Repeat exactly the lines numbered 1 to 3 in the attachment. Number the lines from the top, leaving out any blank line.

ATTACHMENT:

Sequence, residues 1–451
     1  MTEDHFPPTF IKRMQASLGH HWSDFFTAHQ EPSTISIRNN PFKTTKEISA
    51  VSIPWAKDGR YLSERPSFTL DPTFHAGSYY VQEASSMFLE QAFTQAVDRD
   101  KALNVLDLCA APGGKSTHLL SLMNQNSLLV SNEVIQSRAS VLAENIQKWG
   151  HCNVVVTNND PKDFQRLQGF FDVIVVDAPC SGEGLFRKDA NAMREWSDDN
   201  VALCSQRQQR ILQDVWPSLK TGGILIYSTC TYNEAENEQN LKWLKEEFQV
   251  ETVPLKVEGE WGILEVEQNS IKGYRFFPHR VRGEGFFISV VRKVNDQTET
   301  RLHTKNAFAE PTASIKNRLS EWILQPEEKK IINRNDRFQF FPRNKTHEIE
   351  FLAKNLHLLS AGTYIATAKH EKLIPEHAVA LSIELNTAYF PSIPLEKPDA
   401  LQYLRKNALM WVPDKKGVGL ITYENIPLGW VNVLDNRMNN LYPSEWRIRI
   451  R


Sequence, residues 1–451
     1  MTEDHFPPTF IKRMQASLGH HWSDFFTAHQ EPSTISIRNN PFKTTKEISA
    51  VSIPWAKDGR YLSERPSFTL DPTFHAGSYY VQEASSMFLE QAFTQAVDRD